TV & Movie Streaming with Mobile Internet

Video streaming allows watching live TV or specific shows on demand over the internet anytime you like. Video streaming has become very common and affordable; however, the amount of data and resources to provide this is mind boggling. So just what does it take to stream successfully, and what are the limitations, when relying on mobile internet? Let's find out!

Speed! -- How fast does the connection need to be?
Here are the current speed recommendations for watching content through Netflix. Other video services have similar needs:

• 0.5 Mbps- Required minimum
• 1.5 Mbps - Recommended minimum, aka "DVD Quality"
• 3 Mbps - SD resolution
• 5 Mbps - HD quality
• 25 Mbps - Ultra HD / 4K quality

If your connection is barely fast enough for the resolution you have selected - you may encounter pauses for buffering, or lengthy delays when you jump to a new location in a show.

Because some providers will automatically adapt the stream to deliver as much resolution as your connection will allow, you may burn through way more data than intended. We recommend you change the streaming settings within your device manually. Set them to SD (480p) resolution. You will not have the full HD resolution, but will have a very good streaming experience with little to no buffering.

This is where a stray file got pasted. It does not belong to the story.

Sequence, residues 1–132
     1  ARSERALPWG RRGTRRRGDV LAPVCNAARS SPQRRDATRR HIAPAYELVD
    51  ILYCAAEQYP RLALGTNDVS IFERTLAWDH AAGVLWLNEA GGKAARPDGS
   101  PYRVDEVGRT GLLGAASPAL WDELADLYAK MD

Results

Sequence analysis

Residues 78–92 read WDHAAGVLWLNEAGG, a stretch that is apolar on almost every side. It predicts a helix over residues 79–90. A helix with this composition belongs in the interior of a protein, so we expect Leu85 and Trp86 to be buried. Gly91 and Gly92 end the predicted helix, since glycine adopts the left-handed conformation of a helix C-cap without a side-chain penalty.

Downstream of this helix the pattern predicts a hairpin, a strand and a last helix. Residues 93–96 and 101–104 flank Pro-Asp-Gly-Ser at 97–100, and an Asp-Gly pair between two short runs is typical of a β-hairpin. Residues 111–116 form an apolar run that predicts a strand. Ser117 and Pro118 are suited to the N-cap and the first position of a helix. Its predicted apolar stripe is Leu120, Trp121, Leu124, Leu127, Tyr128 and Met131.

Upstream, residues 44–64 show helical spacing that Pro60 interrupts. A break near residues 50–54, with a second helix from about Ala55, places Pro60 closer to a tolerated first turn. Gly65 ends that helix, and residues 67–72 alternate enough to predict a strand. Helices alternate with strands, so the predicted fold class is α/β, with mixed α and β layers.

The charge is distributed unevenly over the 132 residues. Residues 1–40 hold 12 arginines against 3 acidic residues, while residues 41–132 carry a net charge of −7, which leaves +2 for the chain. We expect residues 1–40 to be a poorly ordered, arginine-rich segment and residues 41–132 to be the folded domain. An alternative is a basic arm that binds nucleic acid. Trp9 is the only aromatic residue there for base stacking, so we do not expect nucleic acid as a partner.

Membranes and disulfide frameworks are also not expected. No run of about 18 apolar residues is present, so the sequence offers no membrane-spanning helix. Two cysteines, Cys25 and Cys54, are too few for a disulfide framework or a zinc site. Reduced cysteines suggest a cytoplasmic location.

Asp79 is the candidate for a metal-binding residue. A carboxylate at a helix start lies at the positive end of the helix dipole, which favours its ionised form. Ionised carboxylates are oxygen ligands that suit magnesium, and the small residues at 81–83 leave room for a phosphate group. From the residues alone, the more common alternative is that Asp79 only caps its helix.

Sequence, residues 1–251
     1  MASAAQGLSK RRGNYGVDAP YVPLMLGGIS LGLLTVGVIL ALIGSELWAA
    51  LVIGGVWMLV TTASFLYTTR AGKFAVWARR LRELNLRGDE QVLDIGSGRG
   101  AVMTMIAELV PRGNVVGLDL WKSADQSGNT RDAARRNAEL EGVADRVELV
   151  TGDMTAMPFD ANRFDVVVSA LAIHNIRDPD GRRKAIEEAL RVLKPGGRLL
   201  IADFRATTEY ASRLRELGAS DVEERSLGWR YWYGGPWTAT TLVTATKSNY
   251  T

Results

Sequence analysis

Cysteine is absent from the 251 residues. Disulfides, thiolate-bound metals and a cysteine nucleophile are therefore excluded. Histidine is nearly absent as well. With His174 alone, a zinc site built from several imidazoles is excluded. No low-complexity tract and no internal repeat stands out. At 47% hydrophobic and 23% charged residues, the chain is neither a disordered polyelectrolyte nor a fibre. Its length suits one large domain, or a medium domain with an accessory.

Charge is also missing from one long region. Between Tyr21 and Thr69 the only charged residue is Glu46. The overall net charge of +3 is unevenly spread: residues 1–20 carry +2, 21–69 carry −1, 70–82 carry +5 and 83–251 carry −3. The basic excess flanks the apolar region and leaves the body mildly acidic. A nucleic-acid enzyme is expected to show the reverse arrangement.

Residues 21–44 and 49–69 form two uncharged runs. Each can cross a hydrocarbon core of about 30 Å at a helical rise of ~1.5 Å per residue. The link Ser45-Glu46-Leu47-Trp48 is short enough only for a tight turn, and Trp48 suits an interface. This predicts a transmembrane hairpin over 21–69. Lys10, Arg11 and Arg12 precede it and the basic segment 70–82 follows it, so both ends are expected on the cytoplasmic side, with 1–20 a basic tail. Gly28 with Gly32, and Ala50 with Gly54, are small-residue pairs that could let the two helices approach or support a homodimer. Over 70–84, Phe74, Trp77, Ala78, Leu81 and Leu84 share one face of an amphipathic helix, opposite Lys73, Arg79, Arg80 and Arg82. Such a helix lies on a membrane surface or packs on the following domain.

How Much Data Does Streaming Use?
Again using Netflix as an example, here are Netflix's estimates of how much data an hour of video will consume:

• Lowest Resolution - 0.3 GB per hour
• Medium (SD) Resolution - 0.7 GB per hour
• High (HD) - 3 GB per hour
• Ultra HD - 7 GB per hour

Keep in mind that Netflix is the industry leader in video compression. Other services may use more than listed here today.

It does not matter who your carrier is, when there is congestion on the network you will see a reduction in performance. To limit network congestion, set your devices resolution to the lowest possible setting which still gives you a pleasurable viewing experience.

LTE internet connections are convenient, affordable, portable, and fast; however, most carriers are not all that excited about using LTE as a total replacement of your home internet. They are even less excited about cord cutters using LTE to stream en lieu of cable/satellite TV.

LTE internet is great for streaming movies and TV, but be careful. If you do not manage your video streams correctly, you will see buffering and delays. Many carriers will label consumers as "abusers" and de-prioritize the line once certain data threshold have been passed. If you are experiencing de-prioritization, check your streaming device and lower its bandwidth consumption. The loss of image quality will, most likely, be barely noticeable while your overall viewing experience will greatly improve.